Tuesday, June 27, 2006
With all the rather depressing news in the world, the Buffett billions and all the good that the Gates' Foundation will be able to do with the money were some welcome cheer. The New York Times reports,
The foundation hopes to use the enormous gift, among other things, to find a vaccine for AIDS, Mrs. Gates said. And Mr. Gates went further, saying that while he might be "overly optimistic," he believed there was a real shot at finding cures for the 20 leading fatal diseases, as well as ensuring that every American has a chance at a decent education.
"Can that happen in our lifetime?" Mr. Gates said, sitting next to Mr. Buffett at the New York Public Library, where the gift was formally announced after news of it broke on Sunday. "I'll be optimistic and say, Absolutely."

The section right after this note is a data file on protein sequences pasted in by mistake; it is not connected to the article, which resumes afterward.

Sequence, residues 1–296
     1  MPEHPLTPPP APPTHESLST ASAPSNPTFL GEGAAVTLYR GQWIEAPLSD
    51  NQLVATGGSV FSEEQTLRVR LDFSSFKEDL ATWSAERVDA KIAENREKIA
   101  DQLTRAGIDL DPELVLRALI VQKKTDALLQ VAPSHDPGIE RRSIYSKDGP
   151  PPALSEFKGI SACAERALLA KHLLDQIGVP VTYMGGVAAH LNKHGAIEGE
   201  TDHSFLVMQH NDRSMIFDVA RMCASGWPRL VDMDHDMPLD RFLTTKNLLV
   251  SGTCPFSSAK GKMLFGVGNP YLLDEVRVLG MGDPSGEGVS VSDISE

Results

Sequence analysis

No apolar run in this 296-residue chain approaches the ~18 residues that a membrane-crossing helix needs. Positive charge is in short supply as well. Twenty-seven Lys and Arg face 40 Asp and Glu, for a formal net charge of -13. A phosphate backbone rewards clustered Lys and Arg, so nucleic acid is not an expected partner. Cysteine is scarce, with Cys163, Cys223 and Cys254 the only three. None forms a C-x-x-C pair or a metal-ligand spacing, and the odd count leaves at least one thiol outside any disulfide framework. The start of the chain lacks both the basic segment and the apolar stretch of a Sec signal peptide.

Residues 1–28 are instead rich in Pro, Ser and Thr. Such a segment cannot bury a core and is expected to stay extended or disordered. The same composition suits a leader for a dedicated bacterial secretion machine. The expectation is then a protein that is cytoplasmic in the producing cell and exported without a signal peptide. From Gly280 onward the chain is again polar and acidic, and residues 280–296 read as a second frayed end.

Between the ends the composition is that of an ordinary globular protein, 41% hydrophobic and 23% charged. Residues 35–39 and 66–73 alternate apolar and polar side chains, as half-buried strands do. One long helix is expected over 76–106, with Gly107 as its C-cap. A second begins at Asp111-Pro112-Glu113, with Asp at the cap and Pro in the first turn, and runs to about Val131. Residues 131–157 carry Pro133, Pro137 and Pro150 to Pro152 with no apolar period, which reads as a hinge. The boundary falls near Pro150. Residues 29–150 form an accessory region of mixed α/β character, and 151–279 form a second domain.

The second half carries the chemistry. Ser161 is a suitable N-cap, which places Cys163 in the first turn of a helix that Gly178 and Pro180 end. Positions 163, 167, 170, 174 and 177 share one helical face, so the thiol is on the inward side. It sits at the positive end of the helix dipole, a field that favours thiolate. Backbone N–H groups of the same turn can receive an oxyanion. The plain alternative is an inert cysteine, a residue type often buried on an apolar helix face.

But Mr. Gates acknowledged that spending the money effectively would be difficult. The scientific tasks the foundation has set for itself in fields like malaria and tuberculosis take time as well as money, because they require years of laboratory work followed by years of clinical trials, sometimes ending fruitlessly. Improving American education — once better ideas have been found — can take just as long. . . .
Mr. Buffett, for his part, said he saw no need to tinker with the foundation's essential goal: improving the lot of poor people elsewhere in the world without regard to their color, religion or other differences.